This study examines the effectiveness of composting for inactivating pathogens in manure, given that raw or inadequately composted animal waste applied to growing fields is a potential pre-harvest source of produce contamination. The primary mechanism for pathogen inactivation during outdoor composting is microorganism-related heat generation. In practice, the effectiveness of pathogen inactivation varies with environmental factors, including temperature, rainfall, nutrient sources, compost ingredients, and pathogens' induced heat resistance
Key environmental factors related to the regrowth and survival of three foodborne pathogens in compost are evaluated in this study. Data from this project can be applied to the design of composting practices in California, the identification of environmental factors conducive to pathogen regrowth, and to the prediction of pathogen inactivation during on-farm composting.
<li>The specific objectives are to:
Identify the optimal conditions for E. coli O157:H7, Salmonella spp., and L. monocytogenes regrowth in composts under field application; The most desirable environmental conditions for inactivation, such as heavy rain/overhead sprinkling/flooding, nutrient sources (types of compost), and warm temperatures, will be evaluated for pathogen regrowth in compost. A cocktail of three strains for each pathogen will be heat-shocked and then inoculated into the compost with low initial populations. The inoculated compost will be maintained inside a greenhouse for four weeks and sampled periodically for pathogen analysis. Different varieties of compost produced in California will be used for studying pathogen regrowth.
<li>Determine the fate of heat-adapted avirulent pathogens during composting on the farm; Composting practices in California will be followed and simulated, using on-farm composting of vegetables with dairy manure and ingredients used in California (which can also be found in South Carolina.) The green wastes from either summer or fall organic crops will be collected from Clemson University's Calhoun Field Laboratory farm. Duplicate compost heaps will be set up on site. The survival of compost-adapted and heat-adapted avirulent strains of E. coli O157:H7, Salmonella spp., and L. innocua will be determined at three locations (surface, center, and bottom) of composting heaps. Field studies will be conducted during summer months (25-35 C) and winter months (5-15 C) to determine the influence of outdoor temperatures and precipitation on the fate of pathogens.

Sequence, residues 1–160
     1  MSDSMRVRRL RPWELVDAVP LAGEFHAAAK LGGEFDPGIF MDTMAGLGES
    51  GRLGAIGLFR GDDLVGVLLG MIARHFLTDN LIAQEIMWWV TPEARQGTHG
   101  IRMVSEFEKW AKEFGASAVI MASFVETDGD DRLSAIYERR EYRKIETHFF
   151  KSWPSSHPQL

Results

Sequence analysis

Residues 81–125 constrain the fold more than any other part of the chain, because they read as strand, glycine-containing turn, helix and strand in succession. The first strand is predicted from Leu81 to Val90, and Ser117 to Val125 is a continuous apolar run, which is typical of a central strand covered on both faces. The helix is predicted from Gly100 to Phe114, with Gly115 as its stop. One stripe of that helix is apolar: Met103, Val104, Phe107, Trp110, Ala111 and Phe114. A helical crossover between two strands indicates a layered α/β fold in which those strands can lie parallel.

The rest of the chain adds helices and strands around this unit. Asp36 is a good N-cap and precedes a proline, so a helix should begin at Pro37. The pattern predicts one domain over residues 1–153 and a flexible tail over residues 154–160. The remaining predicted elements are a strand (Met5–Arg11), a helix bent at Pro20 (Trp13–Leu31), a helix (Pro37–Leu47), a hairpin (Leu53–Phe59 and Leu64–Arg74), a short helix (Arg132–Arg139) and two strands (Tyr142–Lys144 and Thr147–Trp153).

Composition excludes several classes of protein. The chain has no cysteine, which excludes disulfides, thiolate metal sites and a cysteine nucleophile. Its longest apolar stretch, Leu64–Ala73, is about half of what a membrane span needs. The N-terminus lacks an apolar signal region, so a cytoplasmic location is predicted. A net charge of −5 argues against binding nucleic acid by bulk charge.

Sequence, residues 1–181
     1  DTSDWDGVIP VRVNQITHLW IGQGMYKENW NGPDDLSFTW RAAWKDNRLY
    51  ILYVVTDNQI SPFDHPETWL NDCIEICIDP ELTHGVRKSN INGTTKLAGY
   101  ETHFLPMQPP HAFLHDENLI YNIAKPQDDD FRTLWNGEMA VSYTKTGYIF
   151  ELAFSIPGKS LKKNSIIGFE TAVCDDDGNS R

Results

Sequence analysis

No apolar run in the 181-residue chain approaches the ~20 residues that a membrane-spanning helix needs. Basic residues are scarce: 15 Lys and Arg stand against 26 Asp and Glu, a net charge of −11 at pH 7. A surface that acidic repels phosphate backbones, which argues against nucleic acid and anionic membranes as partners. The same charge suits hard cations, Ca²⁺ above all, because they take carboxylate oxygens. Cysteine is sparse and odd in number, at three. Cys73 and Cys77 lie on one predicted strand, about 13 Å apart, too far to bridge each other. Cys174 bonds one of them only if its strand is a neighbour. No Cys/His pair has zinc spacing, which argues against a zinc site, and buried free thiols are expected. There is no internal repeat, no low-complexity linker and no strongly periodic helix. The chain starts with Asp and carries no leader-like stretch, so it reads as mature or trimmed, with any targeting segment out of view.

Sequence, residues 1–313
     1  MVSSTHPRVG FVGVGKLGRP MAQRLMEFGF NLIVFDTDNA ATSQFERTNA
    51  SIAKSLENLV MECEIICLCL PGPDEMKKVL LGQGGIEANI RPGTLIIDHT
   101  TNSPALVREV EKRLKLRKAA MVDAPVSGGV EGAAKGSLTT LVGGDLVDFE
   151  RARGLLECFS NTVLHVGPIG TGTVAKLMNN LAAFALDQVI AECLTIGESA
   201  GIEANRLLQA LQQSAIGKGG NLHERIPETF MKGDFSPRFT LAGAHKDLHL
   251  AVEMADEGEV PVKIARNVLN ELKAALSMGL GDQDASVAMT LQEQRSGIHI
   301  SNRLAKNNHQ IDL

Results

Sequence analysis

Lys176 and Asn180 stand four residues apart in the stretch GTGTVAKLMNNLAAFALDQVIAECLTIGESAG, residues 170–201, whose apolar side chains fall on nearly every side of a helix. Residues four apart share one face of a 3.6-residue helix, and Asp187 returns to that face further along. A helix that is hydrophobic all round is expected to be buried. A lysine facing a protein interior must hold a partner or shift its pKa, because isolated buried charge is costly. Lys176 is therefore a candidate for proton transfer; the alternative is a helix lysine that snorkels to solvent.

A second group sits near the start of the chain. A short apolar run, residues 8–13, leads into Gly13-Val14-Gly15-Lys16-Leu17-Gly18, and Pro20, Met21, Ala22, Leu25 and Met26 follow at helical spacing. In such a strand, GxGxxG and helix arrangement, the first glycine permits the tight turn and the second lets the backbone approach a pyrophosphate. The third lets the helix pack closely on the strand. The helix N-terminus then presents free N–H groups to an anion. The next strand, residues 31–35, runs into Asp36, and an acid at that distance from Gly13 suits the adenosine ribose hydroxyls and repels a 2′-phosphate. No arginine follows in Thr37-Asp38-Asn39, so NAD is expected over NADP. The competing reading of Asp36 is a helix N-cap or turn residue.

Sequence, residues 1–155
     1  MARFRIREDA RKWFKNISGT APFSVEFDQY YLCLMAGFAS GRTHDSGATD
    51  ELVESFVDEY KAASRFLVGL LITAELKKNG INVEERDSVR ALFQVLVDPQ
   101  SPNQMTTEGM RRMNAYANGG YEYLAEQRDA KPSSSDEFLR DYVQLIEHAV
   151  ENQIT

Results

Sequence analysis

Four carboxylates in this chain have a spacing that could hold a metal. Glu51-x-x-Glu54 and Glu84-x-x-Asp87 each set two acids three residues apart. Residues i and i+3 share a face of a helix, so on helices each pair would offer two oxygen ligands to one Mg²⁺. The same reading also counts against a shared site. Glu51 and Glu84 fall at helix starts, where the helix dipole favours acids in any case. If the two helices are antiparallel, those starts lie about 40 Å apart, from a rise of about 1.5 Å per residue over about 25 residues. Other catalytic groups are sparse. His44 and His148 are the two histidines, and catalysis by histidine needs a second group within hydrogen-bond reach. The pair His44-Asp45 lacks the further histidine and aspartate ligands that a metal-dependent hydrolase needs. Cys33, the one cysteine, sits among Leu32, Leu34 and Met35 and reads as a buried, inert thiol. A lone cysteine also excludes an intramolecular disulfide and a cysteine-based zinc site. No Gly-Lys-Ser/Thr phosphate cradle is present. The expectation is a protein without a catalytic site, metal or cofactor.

<li>Study the impact of initial heat resistance of pathogens on their survival during composting. Three strains for each pathogen will be heat-shocked at 45 C prior to the inoculation of compost mixture separately. Cultures without heat-shock treatment will be used as control. The inoculated compost held in a Tyvek pouch will be kept in an incubator at a range of temperatures (45, 50, 55 and 60 C) to simulate the conditions inside compost heaps during thermophilic composting. At certain intervals, samples will be taken out and analyzed for surviving bacterial counts. Mathematic models based on these data will be developed to predict the thermal inactivation of pathogens during composting.</ul>